Diocese’s Pentecost Mass breaks barriers through technology


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SAN DIEGO — The diocese zoomed into a new way to bring the faithful together in the era of a pandemic.

Unlike passively viewing a livestreamed service, individuals and entire families from the cultures in the diocese actively joined this year’s Sunday Pentecost Mass using the Zoom videoconferencing app. They formed a congregation that eagerly listened to Bishop Robert W. McElroy, sang along with the music ministers and led the Universal Prayers.

It’s was the first time the diocese interacted with the faithful this way, a technical feat that challenged various ministries to create this opportunity.

“The Bishop was really talking to us,” said Jim Moore, one of the participants in the Mass. “I thought it was wonderful at the end, when we spontaneously waved at him as he came down the aisle and he waved back. It felt personal.”

The Pentecost Mass for All Cultures almost didn’t happen.

In April, Father Michael Pham informed the leaders of the diocese’s cultural communities that this year’s Mass could not be held as planned, given COVID-19 restrictions. He leads the diocesan office that organizes these communities.

Their leaders resisted the idea of cancelling the Mass — and urged the diocese to use technology to celebrate it with them.

“I was surprised by the many cultural leaders who wanted to have this gathering of all cultures with our Bishop via Zoom,” he recalled.

Like other Catholics, they had been viewing Masses video-streamed through diocesan and parishes websites, YouTube and Facebook. But they wanted to more than view this year’s Pentecost Mass. They wanted to be a part of it, like they had done the previous two Masses, which drew 1,600 in 2018 and more than 2,300 last year.

The diocese considered their request for a few days and came up with an answer: “Let’s do it.”

Charlotte Fajardo, who coordinates the communities’ events, sees this moment as a “game-changer.” The race was on to figure out how  20 cultures could participate in the Mass through Zoom.

The diocese set up a 185-inch screen a few rows from the altar in the chapel of the Pastoral Center. The Mass was presented via video-stream on Pentecost Sunday, May 31, through the diocese’s website sdcatholic.org.

During the Mass, the screen showed the 24 participating individuals and families in their Zoom windows, which made up the congregation.

The Bishop was able to see the couples and families on the screen, many dressed in their traditional attire, and they were able to see him and the other participants of the Mass through their computer or smartphone.

The diocese’s chancellor, María Olivia “Marioly” Galván proclaimed the first reading in Spanish and Bernadette Aloese the second one in Samoan. Father Pham proclaimed the Gospel.

Everyone recited the Profession of  the Faith and the Creed, the voices from the Zoom call and the chapel blending together.

That was followed by 14 community members leading the Universal Prayers in their distinct languages. They spoke in Arameic, Portuguese, Bahasa Indonesia, Triginya, Lao, Korean, Irish, English, Tongan, Italian, Mandarin, German, and Tamil.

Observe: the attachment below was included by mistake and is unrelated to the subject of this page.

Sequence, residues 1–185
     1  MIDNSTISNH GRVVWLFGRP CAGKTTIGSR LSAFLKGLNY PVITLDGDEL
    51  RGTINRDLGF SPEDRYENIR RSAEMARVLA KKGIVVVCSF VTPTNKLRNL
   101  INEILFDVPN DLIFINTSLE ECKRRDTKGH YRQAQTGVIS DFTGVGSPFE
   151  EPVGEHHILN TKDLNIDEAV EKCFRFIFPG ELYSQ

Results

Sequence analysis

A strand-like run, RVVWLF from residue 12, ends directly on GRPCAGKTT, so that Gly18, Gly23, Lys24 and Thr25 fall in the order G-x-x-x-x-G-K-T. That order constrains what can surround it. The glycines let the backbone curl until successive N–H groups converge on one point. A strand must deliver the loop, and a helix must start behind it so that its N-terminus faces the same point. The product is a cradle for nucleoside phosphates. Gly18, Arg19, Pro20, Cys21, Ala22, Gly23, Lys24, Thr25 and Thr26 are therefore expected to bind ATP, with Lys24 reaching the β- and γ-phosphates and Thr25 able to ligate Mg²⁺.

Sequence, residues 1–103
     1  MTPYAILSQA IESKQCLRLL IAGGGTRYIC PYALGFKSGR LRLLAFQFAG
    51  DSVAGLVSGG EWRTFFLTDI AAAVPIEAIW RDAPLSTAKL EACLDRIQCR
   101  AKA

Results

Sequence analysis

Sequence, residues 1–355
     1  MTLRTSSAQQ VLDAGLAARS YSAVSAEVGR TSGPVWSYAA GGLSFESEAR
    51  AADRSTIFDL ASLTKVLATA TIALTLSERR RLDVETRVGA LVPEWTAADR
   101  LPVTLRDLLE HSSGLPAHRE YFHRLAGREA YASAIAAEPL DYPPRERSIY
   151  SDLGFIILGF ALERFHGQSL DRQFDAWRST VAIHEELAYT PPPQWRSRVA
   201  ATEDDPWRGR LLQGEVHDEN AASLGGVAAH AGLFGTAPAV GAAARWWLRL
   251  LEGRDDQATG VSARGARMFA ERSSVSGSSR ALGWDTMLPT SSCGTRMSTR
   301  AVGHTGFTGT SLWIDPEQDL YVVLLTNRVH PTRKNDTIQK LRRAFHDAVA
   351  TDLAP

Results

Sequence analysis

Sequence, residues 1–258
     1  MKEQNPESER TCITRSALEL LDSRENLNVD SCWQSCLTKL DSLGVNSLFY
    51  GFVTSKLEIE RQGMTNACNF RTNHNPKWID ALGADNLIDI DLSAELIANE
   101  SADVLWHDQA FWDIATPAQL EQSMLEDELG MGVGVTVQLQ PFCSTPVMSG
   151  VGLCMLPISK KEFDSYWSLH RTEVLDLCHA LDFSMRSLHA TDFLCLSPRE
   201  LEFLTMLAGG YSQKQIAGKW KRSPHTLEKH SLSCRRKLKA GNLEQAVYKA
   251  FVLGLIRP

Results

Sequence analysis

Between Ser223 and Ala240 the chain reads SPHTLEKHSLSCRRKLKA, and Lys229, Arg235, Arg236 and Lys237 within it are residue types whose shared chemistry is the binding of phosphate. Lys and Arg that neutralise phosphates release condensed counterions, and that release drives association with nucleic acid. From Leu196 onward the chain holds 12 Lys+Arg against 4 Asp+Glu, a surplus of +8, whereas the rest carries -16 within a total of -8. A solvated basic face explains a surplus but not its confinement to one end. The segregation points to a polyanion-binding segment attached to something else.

Then the bishop incensed the offerings, the altar and his concelebrants, Father Pham and Auxiliary Bishop John Dolan. He walked in front of the Zoom windows to incense the congregation, symbolically sanctifying the members.

“Their reactions were very moving because they did not expect the Bishop to be so close to them,” Father Pham would later recall. “It was a beautiful moment.”

In his Homily, the Bishop urged the congregation to resist the urge to turn inward, particularly in the isolating days of the pandemic.

“All of us are called now not to be burdened by inwardness, which leads us to despondency and despair, but rather to understand  God is calling us today, and every day, even amidst the hardship of this pandemic. God is calling us to embrace the world.

“And to understand that the beauty of families and friendships and of Creation, and of the wonders that God has put all around us, are still there. And we will embrace them in their fullness again, and we will see them as God’s grace made manifest among us.

“Let us like the Apostles, be transformed on this Pentecost Day, and accept the grace of the Holy Spirit, calling us to look outward into the world.”

Jim Moore, co-chair of the Pastoral Council at Mission San Luis Rey parish, said the Mass underscored that “we are a universal church.”

Semret Kelit and her entire family, whose roots are in Eritrea, participated in the Mass. Her husband, Kidane, read one of the Universal Prayers in their native language, Triginya.

She admitted that she had been “a little apprehensive” how everything would come together. But she was glad that the cultural leaders, mostly immigrants, had pressed the diocese to use technology to allow them to be a part of the Pentecost Mass.

“It says a lot of what we can do in our Church if given an opportunity to participate,” she said. “We can contribute. We can implement. We can be part of change.”

Father Pham noted that people of distinct races, ethnicities and languages don’t seem to trust one another these days.

“The gathering of all cultures in the Pentecost celebration tells us that we can come together and be united in Jesus Christ,” he said. “It is so wonderful that people of diverse cultures could come together to share the fabric of faith in Christ with each other.”

Mass for All Cultures

The video of San Diego Diocese’s Pentecost Mass for All Cultures may be viewed through the diocese’s website, sdcatholic.org. Information about the diocese’s cultural communities is available in the page sdcatholic.org/culturaldiversity.





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